A group of 11 conservative lawmakers in Texas want Gov. Greg Abbott, a fellow Republican, to help scale back a state law that gives him the authority to close businesses and require masks in public.

Under the Texas Disaster Act of 1975, the governor is given broad powers during an emergency. As a result, many of the statewide orders and mandates have been issued almost unilaterally by Abbott, creating tension with conservatives.

"Although many legislators, and even our own caucus, have criticized some of the actions you have taken during the COVID-19 pandemic, we know that you have undertaken each and every decision with painstaking care," the Texas Freedom Caucus wrote Thursday in a letter to Abbott.

"Regardless, the fact remains that the effects of these orders have caused families across the state to take massive financial hits, and in many cases caused businesses to permanently close their doors," they added.

Texas was one of the first states to begin to reopen its economy amid the pandemic and has since become one of the states hit the hardest by the resurgence of the virus. The state has broken its record for daily number of new COVID-19 cases multiple times, most recently on Tuesday when it reported 10,028 new cases.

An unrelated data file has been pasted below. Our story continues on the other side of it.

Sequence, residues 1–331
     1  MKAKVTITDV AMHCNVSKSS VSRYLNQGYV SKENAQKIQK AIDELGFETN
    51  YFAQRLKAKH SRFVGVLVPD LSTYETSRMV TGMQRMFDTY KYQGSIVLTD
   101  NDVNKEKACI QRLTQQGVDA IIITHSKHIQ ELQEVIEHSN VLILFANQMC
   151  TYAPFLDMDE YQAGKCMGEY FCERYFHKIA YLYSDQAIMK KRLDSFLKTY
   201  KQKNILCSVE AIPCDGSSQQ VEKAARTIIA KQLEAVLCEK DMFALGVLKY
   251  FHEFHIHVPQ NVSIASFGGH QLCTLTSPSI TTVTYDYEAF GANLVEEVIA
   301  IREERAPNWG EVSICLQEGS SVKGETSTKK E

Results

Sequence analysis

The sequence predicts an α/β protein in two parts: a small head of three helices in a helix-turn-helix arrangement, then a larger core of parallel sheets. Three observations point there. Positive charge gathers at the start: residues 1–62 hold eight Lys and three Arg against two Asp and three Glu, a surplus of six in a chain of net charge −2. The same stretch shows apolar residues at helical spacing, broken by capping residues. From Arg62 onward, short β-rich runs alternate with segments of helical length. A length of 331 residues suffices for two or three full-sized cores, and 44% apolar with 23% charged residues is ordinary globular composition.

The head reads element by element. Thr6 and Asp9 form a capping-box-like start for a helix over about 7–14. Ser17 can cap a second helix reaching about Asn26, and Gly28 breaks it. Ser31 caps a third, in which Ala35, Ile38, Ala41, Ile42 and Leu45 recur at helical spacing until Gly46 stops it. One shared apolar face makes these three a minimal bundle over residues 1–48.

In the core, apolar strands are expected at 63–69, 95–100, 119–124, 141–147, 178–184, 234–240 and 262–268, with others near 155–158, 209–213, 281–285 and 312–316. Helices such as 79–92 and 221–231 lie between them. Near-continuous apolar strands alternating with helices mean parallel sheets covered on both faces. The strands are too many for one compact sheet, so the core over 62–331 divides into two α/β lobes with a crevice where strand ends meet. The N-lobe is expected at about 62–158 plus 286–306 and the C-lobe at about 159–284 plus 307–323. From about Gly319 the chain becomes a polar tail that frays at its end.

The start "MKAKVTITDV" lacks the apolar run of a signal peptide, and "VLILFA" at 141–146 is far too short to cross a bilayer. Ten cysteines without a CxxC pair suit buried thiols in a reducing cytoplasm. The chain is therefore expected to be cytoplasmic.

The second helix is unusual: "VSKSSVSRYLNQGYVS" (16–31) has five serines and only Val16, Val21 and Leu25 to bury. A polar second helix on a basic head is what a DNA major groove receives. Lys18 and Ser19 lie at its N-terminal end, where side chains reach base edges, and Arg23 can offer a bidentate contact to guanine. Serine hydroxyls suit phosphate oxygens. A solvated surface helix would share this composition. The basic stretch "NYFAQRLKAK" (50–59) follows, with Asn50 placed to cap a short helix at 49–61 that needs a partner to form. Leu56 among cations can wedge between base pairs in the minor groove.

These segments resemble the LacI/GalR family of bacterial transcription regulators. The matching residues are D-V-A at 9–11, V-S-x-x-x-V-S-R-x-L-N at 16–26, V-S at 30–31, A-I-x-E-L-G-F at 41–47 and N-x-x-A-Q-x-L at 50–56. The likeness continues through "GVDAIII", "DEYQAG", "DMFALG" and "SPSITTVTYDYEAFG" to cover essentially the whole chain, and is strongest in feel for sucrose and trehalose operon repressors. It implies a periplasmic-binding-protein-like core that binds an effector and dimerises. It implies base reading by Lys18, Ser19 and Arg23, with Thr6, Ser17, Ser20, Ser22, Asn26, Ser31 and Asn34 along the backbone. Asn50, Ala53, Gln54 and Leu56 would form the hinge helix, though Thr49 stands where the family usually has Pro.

The spike prompted Abbott to reshutter all bars in the state and require masks in public. The Texas Freedom Caucus noted in its letter that Abbott has issued nearly two dozen executive orders during the pandemic.

The conservative group wants Abbott to prioritize reforming the 1975 law when the state legislature reconvenes next year.

One of the changes proposed by the freedom caucus is that the governor must call a special session of the legislature if a crisis like the pandemic lasts an extended period of time. Another proposal would prohibit state agencies from revoking business licenses due to a disaster declaration.

More than 230,000 in Texas have tested positive for the virus during the pandemic and more than 3,000 have died.

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